In Egyptian mythology, for instance, the eye at the top of the pyramid is the power of attention. One can only use this power if one is not controlled by base instincts, such as fear, which muddies the waters of perception. Bond notices the tattoo on her wrist, the barrette strapped to her thigh, and the bodyguards standing overhead and deduces from the situation. His attention is clear, sharp, and focused. He follows her eyes as she looks toward her “bodyguards.” He notices the minor details that most people would overlook, and because of this, he moves the game along in his favor.

Séverine: You know nothing about it.

James Bond: I know when a woman is afraid and pretending not to be.

Rather than taking what she says at face value, James observes the truth behind her lie. We can learn something very important from this: Watch what people DO, not what they say.

Séverine: How much do you know about fear?

James Bond: All there is.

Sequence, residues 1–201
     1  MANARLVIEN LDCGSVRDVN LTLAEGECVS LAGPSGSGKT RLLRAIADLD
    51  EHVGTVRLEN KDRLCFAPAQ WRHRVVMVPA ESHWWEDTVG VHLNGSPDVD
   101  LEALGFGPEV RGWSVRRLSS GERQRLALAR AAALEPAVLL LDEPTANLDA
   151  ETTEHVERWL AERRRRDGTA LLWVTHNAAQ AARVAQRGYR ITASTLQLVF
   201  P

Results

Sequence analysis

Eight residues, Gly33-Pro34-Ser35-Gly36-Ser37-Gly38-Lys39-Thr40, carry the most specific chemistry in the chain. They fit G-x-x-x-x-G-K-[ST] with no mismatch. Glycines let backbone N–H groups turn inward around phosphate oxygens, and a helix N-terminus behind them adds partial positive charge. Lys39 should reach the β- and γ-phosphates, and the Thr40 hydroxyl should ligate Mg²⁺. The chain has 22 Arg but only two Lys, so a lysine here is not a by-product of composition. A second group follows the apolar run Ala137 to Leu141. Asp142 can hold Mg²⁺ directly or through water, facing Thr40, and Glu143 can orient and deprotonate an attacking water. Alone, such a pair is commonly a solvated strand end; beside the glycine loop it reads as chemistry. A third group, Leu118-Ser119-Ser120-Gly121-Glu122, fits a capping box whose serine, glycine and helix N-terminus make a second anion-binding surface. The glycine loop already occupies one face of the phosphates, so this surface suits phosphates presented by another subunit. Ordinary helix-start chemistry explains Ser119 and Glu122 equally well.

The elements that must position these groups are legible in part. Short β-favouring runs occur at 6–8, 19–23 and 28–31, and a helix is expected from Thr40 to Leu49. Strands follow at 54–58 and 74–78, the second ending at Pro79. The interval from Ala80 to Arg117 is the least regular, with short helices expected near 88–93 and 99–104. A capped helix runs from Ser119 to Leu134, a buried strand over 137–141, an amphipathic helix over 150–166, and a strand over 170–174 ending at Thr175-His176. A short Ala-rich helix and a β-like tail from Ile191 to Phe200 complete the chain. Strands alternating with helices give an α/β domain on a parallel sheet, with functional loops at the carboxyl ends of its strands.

The above quote is most profound, and gives us the answer to the origin of his confidence. It’s not that he was always immune to fear, but rather that he knows fear well from experience. He’s met with it face to face on many occasions, from all angles, and that’s why he is able to see it in others. He has conquered fear through knowing it, rather than avoiding it, and to know something is to have transcended it. Thus, he is the master of fear itself.

Séverine: Not like this. Not like him.

James Bond: I can help you.

Séverine: I don’t think so.

James Bond: Let me try.

Séverine: How?

James Bond: Bring me to him.

Séverine: Can you kill him?

James Bond: Yes.

Séverine: Will you?

James Bond: Someone usually dies.

James is confident even in the face of Séverine’s fear. He is a rock, untrammeled by the doubts of others. When he’s asked if he can kill her employer, the shadowy figure who is unknown to him, he simply affirms that he can. There is no uncertainty in his words or his tone. His body language does not hint at any deception. He is fully confident in his abilities. 

Rather than keeping with the tense situation, Bond breaks set and jokes, “Someone usually dies,” eliciting a genuine laugh of relief from Séverine. His confidence in the face of danger, allowing her to relax and let go of her worries, is a tribute to the James Bond we all know and love.


Up Next:

Becoming James Bond (Part II)



One thought on “Becoming James Bond (Part I)

  1. Pingback: Becoming James Bond (Part II) | Feast of Champs